Thursday, August 30, 2012

The Foolish Man Built His House Upon the Sand

I've always loved the song about the foolish man and the wise man. It's a common song throughout contemporary Christianity, has fun hand signs, and boasts a rockin' melody just perfect for head-sticking. During Sunday School this past week, the song came up, and I visualized the song in a whole new way.

As a child, I imagined a guy going down to the beach and slapping together 2x4s and a roof, which would crumple into the waves at the first big swell. Conversely, the wise man found a big rock at the beach and slapped his 2x4s down and it was fine. But people don't actually build houses like that. I grew up on the beach, and, while there are beach houses, they work a little differently.

On the southern Oregon coast, the mountainous land frequently ends in cliffs at the water's edge. Much of the land bordering the ocean is sandstone, a soft, easily crumbled, rock-like substance that grows ugly crabgrass, salal, and shore pines. When Californians retire, they see these picturesque cliffs and immediately go about slapping their houses on them. Sometimes they hit a rock/dirt composition; sometimes they don't.

In high school, I babysat for a family from Florida who's summer home was on one such sandy cliff. It was a gorgeous view, and the entire west side of the two story home was one giant bank of windows. This beautiful home had front row seats to one of God's most beautiful masterpieces: the Pacific Ocean and its coastal geography. They also had a fantastic view of the cliff's edge, which was crumbly sandstone. That edge crept, year by year, foot by foot, closer to the house. Some years it only lost a few inches; some years it lost three feet in one storm. But that edge still creeps on.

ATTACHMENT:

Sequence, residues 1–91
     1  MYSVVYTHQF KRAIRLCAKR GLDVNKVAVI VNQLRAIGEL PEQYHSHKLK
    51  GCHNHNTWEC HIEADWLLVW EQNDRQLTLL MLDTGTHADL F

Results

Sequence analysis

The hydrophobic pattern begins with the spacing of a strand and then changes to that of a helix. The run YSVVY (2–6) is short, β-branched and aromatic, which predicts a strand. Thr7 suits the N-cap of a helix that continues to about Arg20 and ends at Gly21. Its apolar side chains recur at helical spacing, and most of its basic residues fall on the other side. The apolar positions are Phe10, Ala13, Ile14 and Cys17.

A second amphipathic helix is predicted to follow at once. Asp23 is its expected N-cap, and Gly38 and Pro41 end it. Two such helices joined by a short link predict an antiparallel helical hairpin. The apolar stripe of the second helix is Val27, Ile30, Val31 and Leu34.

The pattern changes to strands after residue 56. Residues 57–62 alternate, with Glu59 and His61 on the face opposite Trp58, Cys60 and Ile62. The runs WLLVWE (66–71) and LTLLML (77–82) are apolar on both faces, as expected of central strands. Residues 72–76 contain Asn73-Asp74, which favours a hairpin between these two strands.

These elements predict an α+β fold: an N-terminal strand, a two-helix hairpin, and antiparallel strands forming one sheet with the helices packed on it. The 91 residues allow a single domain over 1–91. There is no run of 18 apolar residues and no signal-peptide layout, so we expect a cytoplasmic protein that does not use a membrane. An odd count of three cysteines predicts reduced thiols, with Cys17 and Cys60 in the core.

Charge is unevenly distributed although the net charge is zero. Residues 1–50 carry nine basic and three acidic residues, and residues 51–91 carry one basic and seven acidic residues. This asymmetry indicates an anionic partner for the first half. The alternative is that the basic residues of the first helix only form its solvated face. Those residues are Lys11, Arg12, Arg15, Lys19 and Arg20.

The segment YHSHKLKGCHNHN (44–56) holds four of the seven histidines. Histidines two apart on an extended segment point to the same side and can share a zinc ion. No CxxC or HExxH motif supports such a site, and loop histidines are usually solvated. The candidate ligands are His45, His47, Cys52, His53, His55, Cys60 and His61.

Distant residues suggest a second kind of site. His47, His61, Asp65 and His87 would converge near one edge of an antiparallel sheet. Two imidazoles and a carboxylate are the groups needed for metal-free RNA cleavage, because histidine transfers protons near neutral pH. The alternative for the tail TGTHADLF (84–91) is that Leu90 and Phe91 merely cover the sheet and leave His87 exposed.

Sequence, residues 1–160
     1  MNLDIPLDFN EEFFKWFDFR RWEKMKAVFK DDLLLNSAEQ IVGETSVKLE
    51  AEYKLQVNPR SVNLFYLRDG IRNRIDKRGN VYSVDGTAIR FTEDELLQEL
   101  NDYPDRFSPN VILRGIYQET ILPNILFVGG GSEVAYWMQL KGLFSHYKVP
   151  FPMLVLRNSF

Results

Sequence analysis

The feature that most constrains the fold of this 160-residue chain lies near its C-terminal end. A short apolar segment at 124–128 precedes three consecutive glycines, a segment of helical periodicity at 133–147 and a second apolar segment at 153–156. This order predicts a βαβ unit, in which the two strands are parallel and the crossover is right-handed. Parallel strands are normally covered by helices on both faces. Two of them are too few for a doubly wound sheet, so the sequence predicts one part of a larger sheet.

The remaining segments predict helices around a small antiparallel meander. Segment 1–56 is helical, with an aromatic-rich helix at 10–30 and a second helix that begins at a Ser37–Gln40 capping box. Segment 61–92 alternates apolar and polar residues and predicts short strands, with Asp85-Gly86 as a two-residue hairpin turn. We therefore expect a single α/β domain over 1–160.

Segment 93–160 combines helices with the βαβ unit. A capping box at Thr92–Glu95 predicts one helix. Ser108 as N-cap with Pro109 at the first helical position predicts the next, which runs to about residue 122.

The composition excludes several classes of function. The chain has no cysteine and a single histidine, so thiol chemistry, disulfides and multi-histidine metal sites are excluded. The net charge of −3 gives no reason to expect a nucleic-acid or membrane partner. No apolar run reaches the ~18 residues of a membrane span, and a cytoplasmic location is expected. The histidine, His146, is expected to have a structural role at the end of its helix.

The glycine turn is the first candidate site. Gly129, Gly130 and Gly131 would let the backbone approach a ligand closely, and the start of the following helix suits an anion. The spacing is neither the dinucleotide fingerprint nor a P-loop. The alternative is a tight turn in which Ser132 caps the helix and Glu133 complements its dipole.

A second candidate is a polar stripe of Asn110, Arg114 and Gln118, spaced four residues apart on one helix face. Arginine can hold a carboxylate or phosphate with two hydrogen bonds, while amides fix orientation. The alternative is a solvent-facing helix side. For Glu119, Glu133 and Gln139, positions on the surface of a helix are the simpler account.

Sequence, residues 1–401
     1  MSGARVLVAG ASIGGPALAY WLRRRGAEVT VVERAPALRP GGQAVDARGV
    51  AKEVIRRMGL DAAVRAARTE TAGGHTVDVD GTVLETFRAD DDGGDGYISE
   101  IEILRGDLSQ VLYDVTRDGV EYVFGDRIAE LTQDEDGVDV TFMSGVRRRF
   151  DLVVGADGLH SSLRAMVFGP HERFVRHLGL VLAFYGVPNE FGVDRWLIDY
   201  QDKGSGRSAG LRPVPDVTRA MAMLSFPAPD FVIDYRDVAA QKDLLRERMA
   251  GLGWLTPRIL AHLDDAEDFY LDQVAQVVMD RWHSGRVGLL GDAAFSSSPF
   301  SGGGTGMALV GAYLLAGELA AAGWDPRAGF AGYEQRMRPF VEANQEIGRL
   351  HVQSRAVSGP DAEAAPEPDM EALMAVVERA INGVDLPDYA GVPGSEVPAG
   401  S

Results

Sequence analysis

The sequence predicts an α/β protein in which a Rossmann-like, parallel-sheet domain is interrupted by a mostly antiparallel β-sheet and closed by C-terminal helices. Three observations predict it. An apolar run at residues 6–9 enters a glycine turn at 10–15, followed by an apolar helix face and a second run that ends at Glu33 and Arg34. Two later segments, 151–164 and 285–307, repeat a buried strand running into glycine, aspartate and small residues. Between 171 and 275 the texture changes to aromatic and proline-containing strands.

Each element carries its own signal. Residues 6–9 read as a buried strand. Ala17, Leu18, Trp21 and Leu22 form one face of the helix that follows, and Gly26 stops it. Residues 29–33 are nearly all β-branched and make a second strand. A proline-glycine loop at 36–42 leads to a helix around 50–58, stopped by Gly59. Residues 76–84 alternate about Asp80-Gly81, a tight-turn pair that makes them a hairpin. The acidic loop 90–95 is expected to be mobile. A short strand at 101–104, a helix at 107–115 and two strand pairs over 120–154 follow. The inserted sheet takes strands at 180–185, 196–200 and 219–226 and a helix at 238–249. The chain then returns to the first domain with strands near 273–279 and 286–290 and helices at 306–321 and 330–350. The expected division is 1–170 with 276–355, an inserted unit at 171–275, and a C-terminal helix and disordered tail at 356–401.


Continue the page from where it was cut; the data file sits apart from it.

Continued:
Eventually, the house will start slipping. It'll take years, but that's the fact of life on the coast: much of it falls into the ocean, some with startling regularity (there are spots along Highway 101 that slide completely every especially rainy year).

Men don't go down to the beach and slap some 2x4s together. They pick a spot on the cliff and build their dream home with granite and maple and double ovens and a gate, then watch, stuck, while the earth and the elements try to eat away at their paradise. Sometimes they get lucky and build on rock. Sometimes they get a geologic survey before they buy, and make an informed decision to stay away.

But after that house is built, you can't get out of a crumbling situation without losing a lot.


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